Leadership through quality in GHCL is about creating new standards that can be replicated at front level operations to deliver products/ solutions & a lifestyle environment to customers and others stake holders on a daily basis.

 

fibre2fashion:

Through recent four acquisitions, how do you estimate the synergies would bode for GHCL’s international identity?

Mr Sanjay Dalmia

In the recent 4 acquisitions (Dan River, Rosebys, Best & Baker) GHCL has become the world’s only company to be integrated from “Fiber to Fashion”. As a new entrant with revenues of only USD 49 million to global revenues of USD 700 million spanning 3 continents & presence in 8 countries that contribute to 70% of global Home Textiles trade.

 

GHCL’s international identity as a local (regional) player within India has transformed to a global sourcer to a global retailer employing over 7000 people.

 

Having achieved critical mass GHCL’s Home Textile entity is soon to be restructured and rechristened into an international power house of Home Textiles with a vibrant leadership & possibly a new name. In this regard in the future possibly be 2 GHCLs (GHCL Soda Ash & GHCL Home Textiles) thereby creating 2 focused pure play entities/ organizations.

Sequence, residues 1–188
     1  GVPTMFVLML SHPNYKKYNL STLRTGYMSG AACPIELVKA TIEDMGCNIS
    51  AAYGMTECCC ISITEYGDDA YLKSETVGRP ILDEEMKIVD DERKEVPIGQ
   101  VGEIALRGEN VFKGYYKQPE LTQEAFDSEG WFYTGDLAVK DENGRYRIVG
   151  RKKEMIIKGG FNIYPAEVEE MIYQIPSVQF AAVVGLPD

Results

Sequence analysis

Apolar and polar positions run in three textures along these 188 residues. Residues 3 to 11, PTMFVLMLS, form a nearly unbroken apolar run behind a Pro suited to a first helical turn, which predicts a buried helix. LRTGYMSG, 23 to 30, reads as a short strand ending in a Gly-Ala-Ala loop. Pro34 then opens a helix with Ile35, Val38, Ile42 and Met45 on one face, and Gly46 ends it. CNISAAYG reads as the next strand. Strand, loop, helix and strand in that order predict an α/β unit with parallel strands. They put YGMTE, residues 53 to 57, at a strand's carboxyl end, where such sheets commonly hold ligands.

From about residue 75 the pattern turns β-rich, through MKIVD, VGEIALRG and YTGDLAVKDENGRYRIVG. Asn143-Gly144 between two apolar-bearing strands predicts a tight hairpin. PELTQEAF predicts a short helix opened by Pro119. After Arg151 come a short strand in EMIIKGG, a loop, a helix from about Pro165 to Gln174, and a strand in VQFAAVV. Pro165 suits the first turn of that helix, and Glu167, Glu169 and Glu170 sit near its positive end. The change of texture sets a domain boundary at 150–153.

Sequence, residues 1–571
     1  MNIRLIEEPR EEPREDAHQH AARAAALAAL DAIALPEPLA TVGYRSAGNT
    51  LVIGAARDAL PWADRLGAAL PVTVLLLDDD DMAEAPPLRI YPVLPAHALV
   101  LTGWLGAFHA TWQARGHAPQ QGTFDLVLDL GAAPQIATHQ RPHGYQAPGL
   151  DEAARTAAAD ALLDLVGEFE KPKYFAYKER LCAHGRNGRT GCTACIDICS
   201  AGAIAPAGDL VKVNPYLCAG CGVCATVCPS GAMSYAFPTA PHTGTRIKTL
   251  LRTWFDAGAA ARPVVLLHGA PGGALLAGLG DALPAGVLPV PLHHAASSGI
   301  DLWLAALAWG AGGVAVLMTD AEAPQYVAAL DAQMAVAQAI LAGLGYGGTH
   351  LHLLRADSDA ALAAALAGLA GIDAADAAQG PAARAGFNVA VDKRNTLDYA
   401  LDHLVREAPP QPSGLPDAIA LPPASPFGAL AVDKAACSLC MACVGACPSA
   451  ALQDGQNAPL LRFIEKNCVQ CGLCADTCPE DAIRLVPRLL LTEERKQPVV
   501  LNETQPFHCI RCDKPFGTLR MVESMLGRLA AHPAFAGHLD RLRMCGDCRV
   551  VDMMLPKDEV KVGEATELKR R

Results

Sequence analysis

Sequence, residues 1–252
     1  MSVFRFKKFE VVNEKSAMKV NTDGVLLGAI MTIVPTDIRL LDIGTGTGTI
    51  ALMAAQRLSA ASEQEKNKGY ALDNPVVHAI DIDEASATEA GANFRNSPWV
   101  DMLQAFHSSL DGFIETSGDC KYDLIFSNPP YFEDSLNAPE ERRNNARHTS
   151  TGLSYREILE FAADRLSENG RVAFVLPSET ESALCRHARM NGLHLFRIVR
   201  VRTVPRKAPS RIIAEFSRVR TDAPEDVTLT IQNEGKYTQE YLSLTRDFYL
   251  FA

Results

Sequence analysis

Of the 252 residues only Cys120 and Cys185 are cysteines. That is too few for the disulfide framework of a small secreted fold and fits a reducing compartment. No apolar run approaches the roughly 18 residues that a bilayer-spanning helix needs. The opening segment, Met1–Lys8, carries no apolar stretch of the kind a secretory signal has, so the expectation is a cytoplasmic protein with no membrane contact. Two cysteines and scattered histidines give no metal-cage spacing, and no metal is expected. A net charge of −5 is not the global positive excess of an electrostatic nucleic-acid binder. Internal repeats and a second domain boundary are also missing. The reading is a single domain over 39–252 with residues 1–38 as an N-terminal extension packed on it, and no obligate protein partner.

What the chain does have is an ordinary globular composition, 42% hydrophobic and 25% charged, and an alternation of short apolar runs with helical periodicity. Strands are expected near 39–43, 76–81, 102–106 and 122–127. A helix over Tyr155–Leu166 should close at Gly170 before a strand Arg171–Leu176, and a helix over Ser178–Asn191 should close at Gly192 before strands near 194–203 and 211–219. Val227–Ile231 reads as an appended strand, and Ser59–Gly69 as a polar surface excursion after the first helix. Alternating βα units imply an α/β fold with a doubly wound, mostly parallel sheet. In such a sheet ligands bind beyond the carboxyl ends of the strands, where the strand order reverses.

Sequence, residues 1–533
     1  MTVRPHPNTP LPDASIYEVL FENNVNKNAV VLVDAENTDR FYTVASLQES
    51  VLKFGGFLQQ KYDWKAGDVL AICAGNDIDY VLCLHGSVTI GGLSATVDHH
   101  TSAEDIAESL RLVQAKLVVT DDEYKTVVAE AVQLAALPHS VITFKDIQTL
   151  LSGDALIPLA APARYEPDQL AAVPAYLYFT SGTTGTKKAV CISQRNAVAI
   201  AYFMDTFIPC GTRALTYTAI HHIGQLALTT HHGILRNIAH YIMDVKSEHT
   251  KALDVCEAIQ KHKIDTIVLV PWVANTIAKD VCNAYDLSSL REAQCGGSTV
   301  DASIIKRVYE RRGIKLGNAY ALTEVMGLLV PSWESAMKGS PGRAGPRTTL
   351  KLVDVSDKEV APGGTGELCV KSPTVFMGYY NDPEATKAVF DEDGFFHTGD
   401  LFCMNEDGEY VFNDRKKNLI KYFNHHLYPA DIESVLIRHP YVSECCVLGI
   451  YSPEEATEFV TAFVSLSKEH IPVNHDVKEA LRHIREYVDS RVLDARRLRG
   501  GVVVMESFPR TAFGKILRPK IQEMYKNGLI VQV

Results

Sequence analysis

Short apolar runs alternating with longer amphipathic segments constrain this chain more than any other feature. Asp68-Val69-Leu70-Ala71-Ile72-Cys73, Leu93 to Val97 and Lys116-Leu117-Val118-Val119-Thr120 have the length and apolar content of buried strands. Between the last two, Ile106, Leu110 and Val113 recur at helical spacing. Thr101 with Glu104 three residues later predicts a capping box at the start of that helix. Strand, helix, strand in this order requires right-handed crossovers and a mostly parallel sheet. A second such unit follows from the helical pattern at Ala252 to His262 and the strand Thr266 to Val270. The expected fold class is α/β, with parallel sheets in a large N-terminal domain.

fibre2fashion:

How impulsive is the domestic yarn market? Any predictions on future market trends?

Mr Sanjay Dalmia

• Domestic market has reacted positively by way of movement and price, mainly in (24s, 30s) and 40s combed yarn and 60s combed yarn significantly. In other counts, the positive reaction is comparatively less.

 

• This may probably be due to increased fabric requirement / orders in these sorts and may be due to increase in cotton prices, the fabric buyers wanted to cover their requirements. Also production of spinning industry is reduced due to power shortage. This can also be one of the reasons.

 

• Since the textile pipeline after the spinners [i.e. weavers, processors, traders etc] is dry, any bulk uptake in fabric orders can cause this type of reaction. But the payment realization is difficult still; weavers are telling their payment is delayed significantly.



FORECAST: THE YARN MARKET IS LIKELY TO IMPROVE GRADUALLY